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Every year in November and December articles and posts circulate, both in the printed press and online, about the supposed pagan origins of Christmas. Lutheran theologian Chad Bird ably refutes these here.  However, just now I came across two other objections: (1) Christmas is bogus because December 25 is almost certainly not the actual birth date of Jesus, and (2) Christmas has become so thoroughly commercialized that any spiritual meaning it might have had has become irretrievally lost.

I have a few thoughts on that:

  1. The first of these objections stems from a misunderstanding of the nature and purpose of the  church  or liturgical year, which is not about commemorating actual historical dates. Rather, it tells the story of Jesu’ earthly ministry in two commemorative cycles: The first one commemorates the promise of and waiting for a Redeemer, as well as His Second Coming, in Advent, and comes to a climax in the celebration of the Redeemer’s birth at Christmas and his revelation to the world at Epiphany, and the second one starts on Ash Wednesday with Lent, a period of 40 days of preparation for the central events of salvation history, from Christ’s triumphal entry to Jerusalem (Palm Sunday), to His crucifixion and death (Good Friday), and culminates with in the celebration of Christ’s resurrection at Easter. Finally it celebrates the Ascension of the risen Christ, the outpouring of the Holy Spirit at Pentecost, and the triune nature of God on Trinity Sunday. The remainder of the year, variously known as the Sundays after Pentecost or after Easter, or simply as Ordinary Time, is often seen as representing the age of the church from Pentecost until Christ’s Second Coming, and in several church traditions closes with the feast of Christ the King on the Sunday before Advent.  So the actual date of Christ’s birth is no more relevant to the date of Christmas than the actual dates of Jesus’ death and resurrection are to the date of Easter (which changes every year, anyway).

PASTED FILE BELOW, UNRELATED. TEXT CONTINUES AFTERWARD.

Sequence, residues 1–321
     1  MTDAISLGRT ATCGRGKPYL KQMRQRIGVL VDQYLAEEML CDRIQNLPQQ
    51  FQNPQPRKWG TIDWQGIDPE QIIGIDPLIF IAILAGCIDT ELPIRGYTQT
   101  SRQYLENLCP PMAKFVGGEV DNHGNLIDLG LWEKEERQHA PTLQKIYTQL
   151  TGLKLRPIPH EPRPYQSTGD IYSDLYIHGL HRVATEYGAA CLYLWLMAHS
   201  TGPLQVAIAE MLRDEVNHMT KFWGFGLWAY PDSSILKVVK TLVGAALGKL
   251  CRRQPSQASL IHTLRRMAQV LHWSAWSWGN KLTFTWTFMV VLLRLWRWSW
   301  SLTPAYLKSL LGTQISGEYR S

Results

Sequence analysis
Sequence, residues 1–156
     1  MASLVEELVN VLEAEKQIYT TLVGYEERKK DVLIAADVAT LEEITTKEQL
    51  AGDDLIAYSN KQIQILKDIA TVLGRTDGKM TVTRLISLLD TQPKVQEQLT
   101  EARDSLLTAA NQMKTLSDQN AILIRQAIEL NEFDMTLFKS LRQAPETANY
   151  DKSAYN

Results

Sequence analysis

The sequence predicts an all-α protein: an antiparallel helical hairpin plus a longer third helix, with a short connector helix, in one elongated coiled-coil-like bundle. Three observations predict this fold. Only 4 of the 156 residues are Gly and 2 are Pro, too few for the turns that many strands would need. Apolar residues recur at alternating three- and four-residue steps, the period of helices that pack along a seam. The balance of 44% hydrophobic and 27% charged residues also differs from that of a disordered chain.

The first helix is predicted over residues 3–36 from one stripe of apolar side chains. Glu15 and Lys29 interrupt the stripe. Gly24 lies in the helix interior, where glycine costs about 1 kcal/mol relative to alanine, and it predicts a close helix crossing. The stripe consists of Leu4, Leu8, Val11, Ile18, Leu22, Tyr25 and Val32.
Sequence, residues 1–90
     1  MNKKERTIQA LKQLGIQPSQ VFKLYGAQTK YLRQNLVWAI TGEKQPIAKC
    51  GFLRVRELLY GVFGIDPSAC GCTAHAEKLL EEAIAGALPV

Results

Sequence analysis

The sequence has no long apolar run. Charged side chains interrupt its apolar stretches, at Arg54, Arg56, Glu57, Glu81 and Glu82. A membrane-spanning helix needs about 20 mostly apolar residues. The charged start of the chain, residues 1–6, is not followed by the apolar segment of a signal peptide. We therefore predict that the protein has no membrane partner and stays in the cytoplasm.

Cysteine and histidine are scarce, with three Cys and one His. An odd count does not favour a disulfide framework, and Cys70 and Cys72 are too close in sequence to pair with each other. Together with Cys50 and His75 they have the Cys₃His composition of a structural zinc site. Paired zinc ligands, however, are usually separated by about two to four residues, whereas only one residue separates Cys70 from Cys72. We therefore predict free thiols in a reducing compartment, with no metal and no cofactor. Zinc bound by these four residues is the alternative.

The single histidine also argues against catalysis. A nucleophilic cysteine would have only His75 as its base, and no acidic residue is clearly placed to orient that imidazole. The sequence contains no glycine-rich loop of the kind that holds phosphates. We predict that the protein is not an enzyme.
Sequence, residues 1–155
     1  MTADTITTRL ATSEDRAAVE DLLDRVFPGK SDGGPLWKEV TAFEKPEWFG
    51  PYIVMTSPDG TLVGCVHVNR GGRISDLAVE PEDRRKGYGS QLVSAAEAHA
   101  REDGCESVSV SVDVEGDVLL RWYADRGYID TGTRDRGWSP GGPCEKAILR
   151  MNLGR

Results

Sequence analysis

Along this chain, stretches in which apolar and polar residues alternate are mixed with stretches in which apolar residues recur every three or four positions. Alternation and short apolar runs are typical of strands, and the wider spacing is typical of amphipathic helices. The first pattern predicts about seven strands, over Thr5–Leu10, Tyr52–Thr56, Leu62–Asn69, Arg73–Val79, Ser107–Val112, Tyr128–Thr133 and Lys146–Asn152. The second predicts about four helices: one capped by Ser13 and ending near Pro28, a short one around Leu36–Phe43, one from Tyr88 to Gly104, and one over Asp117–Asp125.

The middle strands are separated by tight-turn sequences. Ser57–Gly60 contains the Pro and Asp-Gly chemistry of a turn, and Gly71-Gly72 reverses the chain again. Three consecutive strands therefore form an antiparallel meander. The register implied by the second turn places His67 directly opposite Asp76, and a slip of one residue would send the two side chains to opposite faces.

2. Yes, Christmas has become extremely commercialized and we sometimes wonder if it can be redeemed. But (a) we all, as individuals, as families, as church communities, have a choice of how far we go along with the commercialized aspects & traditions, we can all still focus on the real significance of Christmas: the birth of our redeemer. This is obviously easier if one is part of a church community which actually celebrates the liturgical seasons and feasts. And (b) Christmas seems to be a time when people are more receptive to spiritual things, and people who will not ordinarily set a foot in church will be open to attend special Advent and Christmas concerts, plays, and services.

While the seasons and feasts of the church year are nor biblically mandated, they, just like the biblical feasts of the Older Testament, are designed to remind us of God’s redemptive acts on our behalf, and to celebrate them. And and as with the biblical feasts, explaining their significance to our children and others who do not yet believe is an important part of that.

So while the observance  of the liturgical year with its seasons and feasts is not biblically commanded, those of us who do observe them ought not to look down on or disparage those individuals and church communities who don’t observe them; conversely, those of us who do not follow the liturgical year should not look down on or disparage those who do.